Friday, October 6, 2017

Dispatch from Moria Refugee Camp: A Crisis within a Crisis

I recently returned from Moria Refugee Camp in Lesvos, Greece, where I served as a project lawyer with European Lawyers in Lesvos, a legal aid organization that serves refugees fleeing war and persecution in Syria, Iraq, Afghanistan and the broader Middle East and North Africa. The experience of working with refugees, who toiled for weeks or even months to reach the gateway to Europe, was moving on many fronts. These refugees landed on the shores of Lesvos after fleeing from the most atrocious crimes of the twenty-first century, including genocide, torture, sexual slavery and other war crimes.

Some refugees in Moria have lived in tents such as this one for as long as eight or nine months, pending decisions on their asylum applications from the European Asylum Support Office.
While at Moria, I worked with a team of attorneys from France, Germany, Greece, Italy, Lithuania, Spain and the U.K. serving asylum seekers. Throughout the day, we were inundated with inquiries, clients and calls. We saw victims of torture fleeing their countries due to political or religious persecution; unaccompanied minors seeking to be reunited with their families; families that dodged bullets and bombs while fleeing to Turkey; asylum seekers that have been kidnapped and held in ISIS indoctrination camps before being released; Iraqis who have been captured, detained and flagellated by militias because they belonged to the wrong religious sect or ethnic group; Yezidis who have been raped and forced into sexual slavery. These clients come to us with visible scars of war, but their hope for a future is unconquerable.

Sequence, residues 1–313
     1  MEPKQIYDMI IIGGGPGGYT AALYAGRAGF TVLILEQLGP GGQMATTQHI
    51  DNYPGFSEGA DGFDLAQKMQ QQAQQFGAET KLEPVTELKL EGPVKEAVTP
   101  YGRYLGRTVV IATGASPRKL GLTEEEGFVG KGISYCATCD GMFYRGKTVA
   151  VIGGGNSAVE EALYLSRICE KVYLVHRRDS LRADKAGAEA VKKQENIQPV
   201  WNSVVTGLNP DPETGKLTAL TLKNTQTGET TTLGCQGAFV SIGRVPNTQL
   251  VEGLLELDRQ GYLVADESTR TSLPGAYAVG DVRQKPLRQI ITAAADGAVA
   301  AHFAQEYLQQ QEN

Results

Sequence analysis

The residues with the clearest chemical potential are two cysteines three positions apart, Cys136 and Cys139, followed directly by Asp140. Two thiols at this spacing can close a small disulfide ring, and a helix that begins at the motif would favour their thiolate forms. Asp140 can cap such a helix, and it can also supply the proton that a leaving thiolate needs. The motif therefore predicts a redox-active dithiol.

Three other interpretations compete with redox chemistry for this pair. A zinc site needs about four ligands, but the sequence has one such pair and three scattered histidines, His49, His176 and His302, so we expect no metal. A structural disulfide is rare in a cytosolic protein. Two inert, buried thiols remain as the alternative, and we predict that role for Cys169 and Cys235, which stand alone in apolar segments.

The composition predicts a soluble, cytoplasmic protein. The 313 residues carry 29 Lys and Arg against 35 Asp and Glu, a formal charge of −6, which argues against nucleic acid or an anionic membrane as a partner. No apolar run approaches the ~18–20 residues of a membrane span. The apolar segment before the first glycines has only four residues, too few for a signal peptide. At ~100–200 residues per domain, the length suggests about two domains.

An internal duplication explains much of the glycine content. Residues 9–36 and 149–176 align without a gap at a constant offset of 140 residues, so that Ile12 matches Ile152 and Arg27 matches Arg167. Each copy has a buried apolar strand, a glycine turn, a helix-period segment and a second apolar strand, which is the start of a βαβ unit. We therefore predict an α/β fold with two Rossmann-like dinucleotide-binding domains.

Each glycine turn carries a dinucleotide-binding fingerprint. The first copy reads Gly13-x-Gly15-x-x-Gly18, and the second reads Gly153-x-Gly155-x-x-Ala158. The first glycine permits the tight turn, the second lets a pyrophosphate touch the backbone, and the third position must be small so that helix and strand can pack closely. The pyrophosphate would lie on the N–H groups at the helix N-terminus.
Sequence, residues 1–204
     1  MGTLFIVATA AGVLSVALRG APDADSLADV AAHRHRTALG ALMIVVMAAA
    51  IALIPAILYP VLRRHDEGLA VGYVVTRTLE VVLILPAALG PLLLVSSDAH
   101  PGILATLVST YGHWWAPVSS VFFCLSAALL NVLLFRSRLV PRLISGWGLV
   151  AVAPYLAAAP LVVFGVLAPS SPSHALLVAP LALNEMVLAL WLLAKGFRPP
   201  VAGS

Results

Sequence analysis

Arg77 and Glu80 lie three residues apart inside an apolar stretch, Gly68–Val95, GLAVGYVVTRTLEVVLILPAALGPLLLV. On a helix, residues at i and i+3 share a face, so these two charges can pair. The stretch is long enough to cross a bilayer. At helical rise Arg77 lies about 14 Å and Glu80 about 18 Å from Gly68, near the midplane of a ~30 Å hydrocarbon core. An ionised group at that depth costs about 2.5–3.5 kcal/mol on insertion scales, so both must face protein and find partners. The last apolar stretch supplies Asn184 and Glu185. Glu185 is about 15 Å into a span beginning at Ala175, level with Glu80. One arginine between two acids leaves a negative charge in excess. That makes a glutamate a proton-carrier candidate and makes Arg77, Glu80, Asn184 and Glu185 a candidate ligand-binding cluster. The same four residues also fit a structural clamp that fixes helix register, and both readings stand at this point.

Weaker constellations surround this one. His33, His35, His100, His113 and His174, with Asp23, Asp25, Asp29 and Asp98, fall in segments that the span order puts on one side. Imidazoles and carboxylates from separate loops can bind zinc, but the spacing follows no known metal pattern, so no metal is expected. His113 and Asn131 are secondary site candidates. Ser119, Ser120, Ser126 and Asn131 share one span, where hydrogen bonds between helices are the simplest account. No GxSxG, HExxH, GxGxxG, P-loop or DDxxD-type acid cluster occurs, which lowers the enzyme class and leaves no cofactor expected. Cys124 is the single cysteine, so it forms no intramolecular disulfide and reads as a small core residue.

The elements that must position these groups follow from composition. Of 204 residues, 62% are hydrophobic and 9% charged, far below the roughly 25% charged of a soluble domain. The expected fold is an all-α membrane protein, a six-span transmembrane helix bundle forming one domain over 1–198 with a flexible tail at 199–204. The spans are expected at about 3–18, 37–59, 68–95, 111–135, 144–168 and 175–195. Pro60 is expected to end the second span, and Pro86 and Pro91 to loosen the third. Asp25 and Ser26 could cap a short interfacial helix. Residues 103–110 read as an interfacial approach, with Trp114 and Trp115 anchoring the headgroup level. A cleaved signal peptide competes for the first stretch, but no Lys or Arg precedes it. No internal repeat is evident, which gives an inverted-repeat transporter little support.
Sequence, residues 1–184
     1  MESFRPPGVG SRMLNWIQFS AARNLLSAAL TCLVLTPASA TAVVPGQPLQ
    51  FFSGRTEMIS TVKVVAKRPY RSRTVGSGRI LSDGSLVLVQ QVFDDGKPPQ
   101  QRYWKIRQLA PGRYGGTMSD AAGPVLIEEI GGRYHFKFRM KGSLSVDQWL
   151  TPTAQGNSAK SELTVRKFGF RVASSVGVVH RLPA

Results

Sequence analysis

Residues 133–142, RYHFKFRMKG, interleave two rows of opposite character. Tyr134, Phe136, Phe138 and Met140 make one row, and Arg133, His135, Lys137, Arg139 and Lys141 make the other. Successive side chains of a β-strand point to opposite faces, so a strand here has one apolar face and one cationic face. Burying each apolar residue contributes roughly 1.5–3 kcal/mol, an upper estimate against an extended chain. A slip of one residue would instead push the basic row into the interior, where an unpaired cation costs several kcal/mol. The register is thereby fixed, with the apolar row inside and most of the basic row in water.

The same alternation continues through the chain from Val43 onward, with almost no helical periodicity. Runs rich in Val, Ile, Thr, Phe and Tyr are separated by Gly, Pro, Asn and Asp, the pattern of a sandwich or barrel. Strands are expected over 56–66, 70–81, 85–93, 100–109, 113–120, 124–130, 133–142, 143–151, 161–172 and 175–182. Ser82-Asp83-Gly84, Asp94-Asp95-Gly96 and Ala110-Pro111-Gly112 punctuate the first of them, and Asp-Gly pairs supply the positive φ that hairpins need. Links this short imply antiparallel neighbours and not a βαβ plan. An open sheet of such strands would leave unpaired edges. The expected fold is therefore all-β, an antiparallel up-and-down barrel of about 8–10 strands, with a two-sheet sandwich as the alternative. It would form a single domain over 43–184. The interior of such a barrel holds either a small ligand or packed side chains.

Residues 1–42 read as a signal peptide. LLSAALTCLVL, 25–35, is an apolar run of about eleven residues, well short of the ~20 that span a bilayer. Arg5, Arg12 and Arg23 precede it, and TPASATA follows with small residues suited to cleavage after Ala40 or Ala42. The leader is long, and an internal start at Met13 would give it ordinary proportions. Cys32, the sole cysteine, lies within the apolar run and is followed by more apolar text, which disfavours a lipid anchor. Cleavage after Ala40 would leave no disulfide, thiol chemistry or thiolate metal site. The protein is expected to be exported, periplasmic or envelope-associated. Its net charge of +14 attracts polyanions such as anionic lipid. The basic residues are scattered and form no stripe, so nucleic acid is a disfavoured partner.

Photographed (second from the right) with with ELIL’s team of project lawyers
The Zambakari Advisory, LLC, a consulting firm with a focus on the Middle East and Africa, recently published my essay on Moria Refugee Camp, the refugee crisis and ways that you can help. Read it at Please share it with friends and colleagues who want to learn what they can do to relieve suffering and restore normalcy to lives impacted by war.